Beetles could soon be helping to feed the world, according to new research.
The insects' larvae - known as mealworms - have been turned into meat by scientists.
Mixed with sugar, they taste just like the real thing, according to South Korean boffins.
It may soon be used in convenience foods such as sausage rolls or chicken nuggets - as a tasty source of extra protein.
The global population is expected to reach 9.7 billion by 2050 - and nearly 11 billion at the end of the century.
Meat is basically protein, fat and water. Alternatives are desperately needed.
Climate change will have significant implications for diet and nutrition and there is growing demand for resource-intensive animal-based products.
Project leader Dr Hee Cho, of Wonkwang University, said: "Recently, eating insects has become of interest because of the increasing cost of animal protein, as well as the associated environmental issues."
Feeding people with cows, pigs and sheep will require larger amounts of food, water and land. Creepy crawlies are edible, good for you - and much more sustainable.
Dr Ho said: "Insects are a nutritious and healthy food source with high amounts of fatty acids, vitamins, minerals, fibre and high-quality protein - which is like that of meat."
But mealworms suffer from an image problem. In many countries, eating insects isn't common - with squeamish about munching on them, she said.
Some manufacturers are trying to change opinion by selling cooked whole mealworms as crunchy, salty snacks. But acceptance is not widespread.
Dr Cho is promoting a sneakier approach - grinding the little critters into flavoursome seasonings inside easy-to-cook products.
She said: "Mealworm contains beneficial essential amino acids and is high in unsaturated fatty acids."
The oils boost health in a number of ways - including reducing cholesterol, easing inflammation and improving heart rhythms.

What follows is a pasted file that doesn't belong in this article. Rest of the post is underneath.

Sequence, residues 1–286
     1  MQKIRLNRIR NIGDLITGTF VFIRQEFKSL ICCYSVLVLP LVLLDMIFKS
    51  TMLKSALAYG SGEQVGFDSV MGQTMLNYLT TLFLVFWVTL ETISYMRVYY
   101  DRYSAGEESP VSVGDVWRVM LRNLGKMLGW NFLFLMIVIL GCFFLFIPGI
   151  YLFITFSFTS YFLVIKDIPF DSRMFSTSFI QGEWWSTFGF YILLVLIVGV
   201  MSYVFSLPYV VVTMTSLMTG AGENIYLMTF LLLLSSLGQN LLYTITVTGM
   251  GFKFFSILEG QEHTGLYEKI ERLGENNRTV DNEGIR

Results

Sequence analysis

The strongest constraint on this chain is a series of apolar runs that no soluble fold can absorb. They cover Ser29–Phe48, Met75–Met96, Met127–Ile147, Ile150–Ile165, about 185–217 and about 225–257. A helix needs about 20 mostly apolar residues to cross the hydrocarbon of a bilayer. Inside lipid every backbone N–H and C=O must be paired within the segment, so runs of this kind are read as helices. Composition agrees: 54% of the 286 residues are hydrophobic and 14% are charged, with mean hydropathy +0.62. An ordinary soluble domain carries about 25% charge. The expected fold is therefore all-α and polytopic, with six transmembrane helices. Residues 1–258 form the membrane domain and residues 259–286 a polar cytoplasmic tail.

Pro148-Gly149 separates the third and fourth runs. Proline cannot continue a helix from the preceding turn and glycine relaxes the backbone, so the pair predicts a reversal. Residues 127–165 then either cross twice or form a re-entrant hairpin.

Dr Cho said: "Mealworm is one of the most widely used edible insects in the world. However, edible insects are not universally accepted in our food cultures due to their repellant appearance and unique flavour characteristics."
The team first compared mealworm aromas throughout the life cycle, from egg to larva to pupa to adult - identifying differences in the individual compounds.
But all of the stages mainly contained volatile hydrocarbons which evaporate and give off scents.
For example, fragrances of raw larvae were likened to a combination of wet soil, shrimp and sweet corn.
The scents developed during various cooking methods. Steamed mealworms had a stronger scent of sweet corn. Roasted and deep-fried versions had shrimp and oil-like attributes.
Analysis showed chemicals formed that were similar to those in cooked meat and seafood are cooked. They included pyrazines, alcohols and aldehydes.
The findings suggest additional reactions when heated with sugar. The 'process flavours' are produced through caramelisation and fatty acid oxidation.
The result is usually a suite of "meat like" and savory flavours, explained Dr Cho.
In a series of experiments, different manufacturing conditions and ratios of powdered mealworm and sugars produced many varieties caused by 98 volatile compounds.
Samples were tested on a panel of volunteers to provide feedback about which had the best 'meat-like' odour.
Co author Hyeyoung Park, a graduate student, said: "As a result of this study, ten of the reaction flavours were optimised based on consumer preferences."
It is the first time beetle larvae have been used to make fake meats. The researchers hope their results will lead to them being developed for mass production.
Meat-like and savoury flavourings and seasonings will encourage the convenience food industry to include edible insects in their products, said Dr Cho.
The next step is to further improve cooking to reduce any potentially undesirable or off-putting flavours in the final material made from beetle larvae
Ms Park presented the findings at a meeting of an American Chemical Society in Chicago.
by Mark Waghorn SWNS
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